"Floating" a tile floor?

jewelisfabulousSeptember 2, 2014

I always understand that, to keep tile/grout from cracking in the event of house shifting/settling, there is a method of laying the tile on an underlayment that "floats" (isn't screwed into the plywood subfloor)?

Am I nuts or is this an actual construction method?

Thank you for reporting this comment. Undo
geoffrey_b

Ditra - google it.

    Bookmark   September 2, 2014 at 11:36AM
Thank you for reporting this comment. Undo
jewelisfabulous

Ditra appears to be a newer product. I'm asking if "floating" the tile floor is a standard construction method?

    Bookmark   September 2, 2014 at 11:39AM
Thank you for reporting this comment. Undo
jellytoast

Around here, "floating" a floor is similar to floating a shower ... wire and cement are used on the floor before installing the tile to create a flat surface.

    Bookmark   September 2, 2014 at 12:23PM
Thank you for reporting this comment. Undo
weedyacres

I've not heard of the term, but your description of the underlayment not being attached to the subfloor is not what you want to do. The underlayment is either thinsetted & screwed (cement board) or thinsetted (Ditra) to the subfloor.

And Ditra's not all that new. I first used it in 2007, and it wasn't new then. It's easier to install and superior technology.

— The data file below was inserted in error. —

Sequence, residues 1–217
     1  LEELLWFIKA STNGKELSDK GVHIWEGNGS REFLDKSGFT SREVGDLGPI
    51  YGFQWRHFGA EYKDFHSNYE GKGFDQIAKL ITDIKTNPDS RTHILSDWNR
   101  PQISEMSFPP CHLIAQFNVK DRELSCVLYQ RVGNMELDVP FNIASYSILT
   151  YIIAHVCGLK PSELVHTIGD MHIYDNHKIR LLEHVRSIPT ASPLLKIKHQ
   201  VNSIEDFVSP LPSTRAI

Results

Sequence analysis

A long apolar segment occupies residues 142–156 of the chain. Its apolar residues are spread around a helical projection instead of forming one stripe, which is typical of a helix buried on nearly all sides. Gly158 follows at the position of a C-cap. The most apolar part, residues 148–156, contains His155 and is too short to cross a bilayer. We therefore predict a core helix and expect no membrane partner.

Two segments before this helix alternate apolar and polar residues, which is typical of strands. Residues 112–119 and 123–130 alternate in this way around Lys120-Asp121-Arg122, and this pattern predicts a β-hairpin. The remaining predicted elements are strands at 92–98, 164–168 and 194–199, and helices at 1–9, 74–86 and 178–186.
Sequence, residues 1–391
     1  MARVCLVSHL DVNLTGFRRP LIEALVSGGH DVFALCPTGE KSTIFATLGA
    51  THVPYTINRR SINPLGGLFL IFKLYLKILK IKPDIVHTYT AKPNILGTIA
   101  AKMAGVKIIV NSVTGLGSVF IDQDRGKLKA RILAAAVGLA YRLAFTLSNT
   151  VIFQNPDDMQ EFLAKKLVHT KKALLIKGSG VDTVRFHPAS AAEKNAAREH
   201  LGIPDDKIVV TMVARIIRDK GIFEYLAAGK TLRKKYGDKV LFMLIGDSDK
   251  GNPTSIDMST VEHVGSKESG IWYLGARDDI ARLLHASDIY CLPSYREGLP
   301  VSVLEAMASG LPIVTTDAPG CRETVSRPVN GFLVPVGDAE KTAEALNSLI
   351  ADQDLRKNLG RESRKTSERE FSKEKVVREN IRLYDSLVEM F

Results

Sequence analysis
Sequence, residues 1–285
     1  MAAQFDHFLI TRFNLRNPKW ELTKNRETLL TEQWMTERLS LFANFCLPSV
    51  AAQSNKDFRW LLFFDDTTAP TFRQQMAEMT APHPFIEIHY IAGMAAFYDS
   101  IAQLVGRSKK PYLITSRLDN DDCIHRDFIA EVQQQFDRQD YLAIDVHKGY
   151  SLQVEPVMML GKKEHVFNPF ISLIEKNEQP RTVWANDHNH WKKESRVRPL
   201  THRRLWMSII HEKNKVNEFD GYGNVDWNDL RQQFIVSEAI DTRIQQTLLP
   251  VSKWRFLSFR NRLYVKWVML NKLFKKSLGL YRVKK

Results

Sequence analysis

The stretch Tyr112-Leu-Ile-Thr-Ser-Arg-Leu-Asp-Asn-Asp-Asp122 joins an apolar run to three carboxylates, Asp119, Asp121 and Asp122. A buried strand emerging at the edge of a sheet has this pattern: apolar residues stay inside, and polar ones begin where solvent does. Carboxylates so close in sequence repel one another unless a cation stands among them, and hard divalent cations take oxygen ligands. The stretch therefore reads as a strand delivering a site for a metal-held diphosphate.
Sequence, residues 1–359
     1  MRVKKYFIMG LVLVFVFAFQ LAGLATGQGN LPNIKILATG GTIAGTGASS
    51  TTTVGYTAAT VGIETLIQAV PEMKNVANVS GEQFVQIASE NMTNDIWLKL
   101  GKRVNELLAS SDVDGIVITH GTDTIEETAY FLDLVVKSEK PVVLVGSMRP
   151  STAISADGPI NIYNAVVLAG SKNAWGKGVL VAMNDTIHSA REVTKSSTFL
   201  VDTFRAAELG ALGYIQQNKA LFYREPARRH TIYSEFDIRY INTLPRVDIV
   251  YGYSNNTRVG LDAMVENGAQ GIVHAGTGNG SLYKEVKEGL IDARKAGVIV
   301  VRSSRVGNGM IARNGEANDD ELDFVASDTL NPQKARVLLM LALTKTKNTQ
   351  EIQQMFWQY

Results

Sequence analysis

Bookmark   September 2, 2014 at 2:07PM
Thank you for reporting this comment. Undo
jellytoast

Floating a floor is not an underlayment like Ditra or tile board (in the sense that you don't buy it in a sheet or on rolls and lay it down). It involves "floating" cement onto the floor and is done prior to laying the tile with thinset.

This post was edited by jellytoast on Tue, Sep 2, 14 at 14:27

    Bookmark   September 2, 2014 at 2:22PM
Thank you for reporting this comment. Undo
worthy

In a basement, ceramic tile could also be laid on top of plywood that is "floated", i.e., not attached to the underlying concrete, on top of XPS sheets, as per BSC-Renovating Your Basement.

(Ditra was invented in 1987.)

This post was edited by worthy on Tue, Sep 2, 14 at 17:53

    Bookmark   September 2, 2014 at 4:26PM
Thank you for reporting this comment. Undo
jewelisfabulous

My apologies for being unclear about the Ditra. I wasn't looking for products per se, but rather what the standard construction technique is for laying a tile floor that doesn't crack with minor seasonal shifting/settling.

    Bookmark   September 2, 2014 at 4:37PM
Thank you for reporting this comment. Undo
geoffrey_b

Ditra will 'decouple' the floor from the tile. It is a plastic membrane with 'fleece' on the back. The fleece side is affixed to the floor with thinset. The fleece allows for movement of the floor not to affect the tile.

It can be installed over plywood.

    Bookmark   September 2, 2014 at 5:14PM
Thank you for reporting this comment. Undo
jellytoast

Jewel, where are you located? In California, floating a floor is as I described, but maybe "floating" means something different in different parts of the country. Why are you asking? Where did you hear the term? Did you receive a quote with "floating the floor" listed as part of the scope of work? There are a variety of methods to prepare inadequate floors for tile installation, and "floating" is one of those methods.

    Bookmark   September 2, 2014 at 6:12PM
Thank you for reporting this comment. Undo
worthy

standard construction technique